Banksy’s 2005 piece ‘Love Is in the Air’ has been segmented into 10,000 NFTs, with each piece representing a different section of the painting.
NFT (non-fungible token) company Particle revealed on Wednesday (December 1) that the piece is its first acquisition, purchased for $12.9 million (£9.7 million) at auction.
The painting, which depicts a masked man about to launch a colourful bouquet of flowers, will be available to purchase for approximately $1,500 (£1,100) a piece.
After an initial offering on January 10, 2022, the ‘Particles’ will be put up for sale across NFT platforms where the value is subject to change.
The physical version of ‘Love Is in the Air’, will be acquired by the Particle Foundation, which is the non-profit branch of the company that will preserve and tour the piece.
The Particle Foundation is set to unveil ‘Love is in the Air’ tomorrow (December 3) at the Institute of Contemporary Art, Miami, during Art Basel week.
“Banksy has turned the art world on its head. Widely regarded as one of the most iconic creators of the 21st century – his daring, humanitarian nature and strong belief that art should be for everyone reflects the mission at Particle, making this masterpiece symbolic to launch the platform with,” Particle co-founder Loïc Gouzer said in a press release.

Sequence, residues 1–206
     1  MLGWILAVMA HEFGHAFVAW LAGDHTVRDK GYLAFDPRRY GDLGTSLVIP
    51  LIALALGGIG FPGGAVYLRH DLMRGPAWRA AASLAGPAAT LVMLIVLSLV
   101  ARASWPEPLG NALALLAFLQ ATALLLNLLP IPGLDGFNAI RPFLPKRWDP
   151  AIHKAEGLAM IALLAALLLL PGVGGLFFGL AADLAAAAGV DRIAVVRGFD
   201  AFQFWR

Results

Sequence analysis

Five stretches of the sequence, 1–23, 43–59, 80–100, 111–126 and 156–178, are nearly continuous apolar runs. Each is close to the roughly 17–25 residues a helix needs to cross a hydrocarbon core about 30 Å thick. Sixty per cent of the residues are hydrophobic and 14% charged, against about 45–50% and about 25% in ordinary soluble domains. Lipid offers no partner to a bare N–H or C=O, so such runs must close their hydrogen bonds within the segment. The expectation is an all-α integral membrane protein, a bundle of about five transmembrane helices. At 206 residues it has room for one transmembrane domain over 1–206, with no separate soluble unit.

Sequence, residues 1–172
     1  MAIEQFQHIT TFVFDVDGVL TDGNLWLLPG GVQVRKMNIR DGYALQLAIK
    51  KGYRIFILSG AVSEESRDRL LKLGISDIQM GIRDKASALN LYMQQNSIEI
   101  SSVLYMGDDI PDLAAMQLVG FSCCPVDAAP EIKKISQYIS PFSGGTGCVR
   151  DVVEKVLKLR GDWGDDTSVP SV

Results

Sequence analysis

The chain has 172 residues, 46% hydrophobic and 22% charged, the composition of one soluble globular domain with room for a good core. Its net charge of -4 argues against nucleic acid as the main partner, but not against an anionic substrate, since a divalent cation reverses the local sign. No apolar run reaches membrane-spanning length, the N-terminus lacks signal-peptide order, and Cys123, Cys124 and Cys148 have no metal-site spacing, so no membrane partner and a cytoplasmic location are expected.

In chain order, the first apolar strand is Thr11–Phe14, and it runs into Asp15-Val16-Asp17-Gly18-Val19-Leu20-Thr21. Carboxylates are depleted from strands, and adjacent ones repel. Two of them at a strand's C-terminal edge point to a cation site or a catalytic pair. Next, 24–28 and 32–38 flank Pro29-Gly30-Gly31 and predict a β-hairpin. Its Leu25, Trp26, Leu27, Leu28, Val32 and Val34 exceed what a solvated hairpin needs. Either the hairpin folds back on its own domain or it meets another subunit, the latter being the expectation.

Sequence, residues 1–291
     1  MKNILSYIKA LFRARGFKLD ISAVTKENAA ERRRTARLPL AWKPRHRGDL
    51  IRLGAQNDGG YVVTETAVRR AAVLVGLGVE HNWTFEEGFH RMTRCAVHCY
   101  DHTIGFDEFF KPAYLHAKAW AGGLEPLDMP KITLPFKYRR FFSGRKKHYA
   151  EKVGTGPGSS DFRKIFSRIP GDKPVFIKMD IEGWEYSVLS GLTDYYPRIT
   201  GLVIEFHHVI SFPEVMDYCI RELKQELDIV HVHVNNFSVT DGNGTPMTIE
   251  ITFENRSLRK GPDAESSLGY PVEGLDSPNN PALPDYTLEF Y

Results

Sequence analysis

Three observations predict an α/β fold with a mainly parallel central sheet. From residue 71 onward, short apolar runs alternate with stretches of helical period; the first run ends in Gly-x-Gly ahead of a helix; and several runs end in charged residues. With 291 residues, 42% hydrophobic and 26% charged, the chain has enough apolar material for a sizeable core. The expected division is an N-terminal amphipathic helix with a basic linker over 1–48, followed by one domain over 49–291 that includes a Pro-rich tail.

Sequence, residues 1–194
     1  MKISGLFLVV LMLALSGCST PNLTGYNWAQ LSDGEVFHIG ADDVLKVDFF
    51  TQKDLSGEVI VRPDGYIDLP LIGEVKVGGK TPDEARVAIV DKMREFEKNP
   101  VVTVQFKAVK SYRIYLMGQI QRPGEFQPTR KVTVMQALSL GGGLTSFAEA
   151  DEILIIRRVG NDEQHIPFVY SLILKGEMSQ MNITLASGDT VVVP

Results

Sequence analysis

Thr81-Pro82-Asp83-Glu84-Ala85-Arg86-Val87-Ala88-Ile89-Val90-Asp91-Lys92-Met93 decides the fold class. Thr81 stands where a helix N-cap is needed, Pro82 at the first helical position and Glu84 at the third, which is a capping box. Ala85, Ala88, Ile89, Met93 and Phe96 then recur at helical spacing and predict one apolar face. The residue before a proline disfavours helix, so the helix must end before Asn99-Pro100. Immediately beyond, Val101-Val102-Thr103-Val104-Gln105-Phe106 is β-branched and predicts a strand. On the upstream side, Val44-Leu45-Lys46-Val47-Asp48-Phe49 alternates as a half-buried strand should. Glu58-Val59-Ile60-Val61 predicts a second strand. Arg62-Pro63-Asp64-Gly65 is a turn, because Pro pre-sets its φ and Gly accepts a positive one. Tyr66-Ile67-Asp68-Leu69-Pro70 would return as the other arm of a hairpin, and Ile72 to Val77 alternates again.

Banksy’s famous shredded ‘Love is in the Bin’ painting set an auction record when it was sold for £18,582,000 in October. The guide price had estimated between £4-6 million.
Elsewhere, Christopher Walken painted over a real Banksy artwork for a scene in Stephen Merchant’s new series ‘The Outlaws’.
The artist, who is from Bristol where the show is set, was contacted by ‘The Outlaws’ production team for the stunt on the show.
A TV insider told The Sun: “Then they discovered shortly afterwards that he’d been to the location where they were filming and left something behind.
“They couldn’t believe their luck as he’d painted a giant rat using his hallmark stencilling technique as well as his distinctive signature.”
Banksy requested that Walken would actually paint over the artwork, in the same destructive trend that characterised ‘Love Is in the Bin’.